Although it can be a wild ride for investors who track the stock market on a daily--or hourly--basis, things continue to look good for federal workers who have some or all of their $90 billion in retirement savings in their 401(k) plan's stock index fund.
For the 12-month period ending in October, the C-fund returned 25.56 percent. The C-fund tracks the Standard & Poor's 500 stock index. The C-fund lost 2.78 percent in September (when the S&P was down 2.74 percent). But it bounced back last month, returning 6.34 percent, compared with a 6.33 percent gain for the S&P 500 index.
During the same 12-month period, the F-fund, which is indexed to the bond market, returned 0.47 percent. The G-fund (invested in special Treasury securities) returned 5.78 percent for the same 12-month period.
At the end of October, according to the Federal Retirement Thrift Investment Board, the C-fund was worth almost $54 billion. The G-fund was just over $31 billion, and the F-fund was slightly above $4.1 billion in value.
The C-fund has returned between 22 percent and 37 percent over the last four years.
During 1998, the C-fund returned 28.44 percent, the F-fund 8.70 percent and the G-fund 5.74 percent. In 1997, the C-fund returned 33.17 percent, the F-fund returned 9.60 percent and the G-fund returned 6.77 percent.
Many federal and postal workers are investing in the thrift savings plan and most of the money in the 401(k) program--because of regular payroll contributions and its growth--is in the C-fund.
Because it is a stock index fund, the C-fund is subject to the ups and downs of the market. In recent years--despite some very bad months--it has had more ups than downs. Long-term C-fund investors have four to five times more money in their accounts than people who invested the same amount in the two other funds.
For people who watch the short-term fluctuations of the market, the C-fund can be unnerving. It lost money in February, May, July, August and September of this year. But over the long haul--thanks in part to a strong performance in October--it remains the fund to beat.
Navy, Air Force Retirees
There will be a special seminar Nov. 20 at Friendly High School in Fort Washington for retired Navy and Air Force personnel and their families. The session will update retirees on Social Security, a demonstration Medicare program and changes in the Defense Department pharmacy program. There will be booths for wellness screening, eye, hearing and blood tests, and flu shots will be provided. To sign up for the session, which runs from 9 a.m. to 3 p.m., call 301-295-4120.
The Office of Personnel Management plans a live satellite broadcast tomorrow on financial and retirement planning. Feds worldwide can see the program and get details from OPM's Web site, www.opm.gov/lag/hrforum.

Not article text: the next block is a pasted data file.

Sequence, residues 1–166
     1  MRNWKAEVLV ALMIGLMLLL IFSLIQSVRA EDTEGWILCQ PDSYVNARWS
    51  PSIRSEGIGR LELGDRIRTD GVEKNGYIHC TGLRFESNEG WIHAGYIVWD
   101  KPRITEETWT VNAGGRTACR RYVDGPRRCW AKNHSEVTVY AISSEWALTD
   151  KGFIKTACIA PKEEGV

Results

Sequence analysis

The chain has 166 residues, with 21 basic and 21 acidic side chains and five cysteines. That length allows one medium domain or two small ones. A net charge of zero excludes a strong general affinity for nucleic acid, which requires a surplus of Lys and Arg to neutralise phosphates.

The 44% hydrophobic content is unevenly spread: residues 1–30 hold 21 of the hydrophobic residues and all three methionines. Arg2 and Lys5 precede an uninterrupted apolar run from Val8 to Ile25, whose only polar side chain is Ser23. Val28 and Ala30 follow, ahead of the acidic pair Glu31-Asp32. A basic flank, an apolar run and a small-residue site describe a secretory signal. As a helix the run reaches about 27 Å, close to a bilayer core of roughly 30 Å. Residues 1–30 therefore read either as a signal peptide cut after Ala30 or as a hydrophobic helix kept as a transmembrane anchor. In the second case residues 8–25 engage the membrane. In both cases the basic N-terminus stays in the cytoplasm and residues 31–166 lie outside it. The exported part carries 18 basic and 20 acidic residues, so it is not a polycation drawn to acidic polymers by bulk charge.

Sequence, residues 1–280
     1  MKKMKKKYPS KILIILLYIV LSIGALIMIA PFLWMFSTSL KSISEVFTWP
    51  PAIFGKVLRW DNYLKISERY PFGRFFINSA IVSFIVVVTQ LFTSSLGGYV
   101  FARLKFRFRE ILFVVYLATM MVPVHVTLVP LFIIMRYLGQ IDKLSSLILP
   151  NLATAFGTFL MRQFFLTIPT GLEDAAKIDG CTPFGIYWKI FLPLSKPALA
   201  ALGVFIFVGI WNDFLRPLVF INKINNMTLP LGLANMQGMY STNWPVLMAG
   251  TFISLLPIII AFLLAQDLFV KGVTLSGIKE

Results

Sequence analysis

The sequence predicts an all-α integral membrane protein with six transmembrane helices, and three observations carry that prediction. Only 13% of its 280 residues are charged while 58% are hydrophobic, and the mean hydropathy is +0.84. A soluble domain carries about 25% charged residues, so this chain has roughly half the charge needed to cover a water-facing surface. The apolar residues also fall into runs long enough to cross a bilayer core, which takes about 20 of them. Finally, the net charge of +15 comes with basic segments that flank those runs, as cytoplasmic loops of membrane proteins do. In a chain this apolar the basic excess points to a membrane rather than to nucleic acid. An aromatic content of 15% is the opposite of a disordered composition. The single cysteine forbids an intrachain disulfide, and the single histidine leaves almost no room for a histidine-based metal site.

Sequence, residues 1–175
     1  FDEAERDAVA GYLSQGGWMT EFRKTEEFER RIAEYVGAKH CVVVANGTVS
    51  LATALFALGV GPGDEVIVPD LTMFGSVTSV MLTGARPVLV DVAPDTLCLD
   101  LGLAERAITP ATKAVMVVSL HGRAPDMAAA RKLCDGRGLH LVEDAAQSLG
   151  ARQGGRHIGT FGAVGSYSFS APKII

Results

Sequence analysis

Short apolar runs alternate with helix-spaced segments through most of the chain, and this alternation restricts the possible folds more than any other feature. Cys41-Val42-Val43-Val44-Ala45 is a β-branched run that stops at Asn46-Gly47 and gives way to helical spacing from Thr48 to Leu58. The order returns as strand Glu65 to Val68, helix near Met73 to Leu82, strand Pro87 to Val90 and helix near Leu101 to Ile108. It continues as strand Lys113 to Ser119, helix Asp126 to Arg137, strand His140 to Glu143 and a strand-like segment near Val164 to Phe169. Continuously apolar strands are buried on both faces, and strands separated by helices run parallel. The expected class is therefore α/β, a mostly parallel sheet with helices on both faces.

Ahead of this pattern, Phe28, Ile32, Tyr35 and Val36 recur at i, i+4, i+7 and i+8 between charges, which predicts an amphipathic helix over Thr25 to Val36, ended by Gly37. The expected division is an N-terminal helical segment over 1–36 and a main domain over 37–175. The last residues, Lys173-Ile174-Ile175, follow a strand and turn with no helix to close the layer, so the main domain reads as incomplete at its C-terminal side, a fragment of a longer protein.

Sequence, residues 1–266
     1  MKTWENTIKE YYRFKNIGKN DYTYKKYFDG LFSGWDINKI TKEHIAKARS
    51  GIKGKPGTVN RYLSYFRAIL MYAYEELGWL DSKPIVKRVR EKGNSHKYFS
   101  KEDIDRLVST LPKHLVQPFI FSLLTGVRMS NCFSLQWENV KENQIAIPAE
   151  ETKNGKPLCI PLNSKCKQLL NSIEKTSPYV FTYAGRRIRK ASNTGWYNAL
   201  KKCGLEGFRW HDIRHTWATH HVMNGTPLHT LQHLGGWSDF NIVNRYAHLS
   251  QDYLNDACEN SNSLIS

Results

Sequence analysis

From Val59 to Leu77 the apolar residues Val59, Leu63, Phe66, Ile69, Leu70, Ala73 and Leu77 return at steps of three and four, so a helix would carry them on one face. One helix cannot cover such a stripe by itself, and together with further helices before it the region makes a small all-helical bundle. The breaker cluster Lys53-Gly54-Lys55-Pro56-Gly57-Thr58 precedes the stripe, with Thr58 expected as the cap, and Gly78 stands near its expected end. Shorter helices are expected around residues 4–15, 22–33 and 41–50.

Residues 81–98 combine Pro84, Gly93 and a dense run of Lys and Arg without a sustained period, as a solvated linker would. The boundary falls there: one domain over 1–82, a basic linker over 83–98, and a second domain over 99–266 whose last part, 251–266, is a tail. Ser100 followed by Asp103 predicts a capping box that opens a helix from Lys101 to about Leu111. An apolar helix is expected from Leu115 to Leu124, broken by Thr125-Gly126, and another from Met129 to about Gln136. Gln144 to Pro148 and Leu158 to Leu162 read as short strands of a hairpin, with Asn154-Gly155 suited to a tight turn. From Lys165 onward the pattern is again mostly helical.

The satellite program will be shown live as part of a Savings and Education Fair for feds in the Patio Room of the Agriculture Department's Jamie L. Witten building, 14th Street and Independence Avenue NW. The fair runs from noon to 3 p.m. and will feature displays and advice from experts in the finance and education fields.
Pay, Pension Increases
Active-duty federal workers and military personnel will be getting a 4.8 percent pay raise in January. It will be a flat 4.8 percent for all military personnel, but the amount could vary by region for federal workers.
President Clinton shortly will announce how much of that increase will be devoted to locality pay adjustments for civil servants. If, for example, the raise is split 3.8 percent for national adjustments and 1 percent for locality raises, feds in the Washington-Baltimore area would get a total increase of 4.94 percent. Civil servants in San Francisco would get the largest adjustment--5.59 percent--while government employees in Richmond would receive 4.76 percent and those in Norfolk would get 4.69 percent.
Federal and military retirees--and people getting Social Security--will get a 2.4 percent cost-of-living adjustment in January. The COLA is based on the rise in living costs from the third quarter of this year from the third quarter (July, August, September) of 1998.
Federal pay raises are based on changes in private-sector wages and political determinations made by the White House. Federal annuities are linked to inflation. That's why the two amounts vary, and that's why--in times of high inflation--retirees get bigger percentage adjustments than workers.
Mike Causey's e-mail address is email@example.com.
Tuesday, Nov. 9, 1999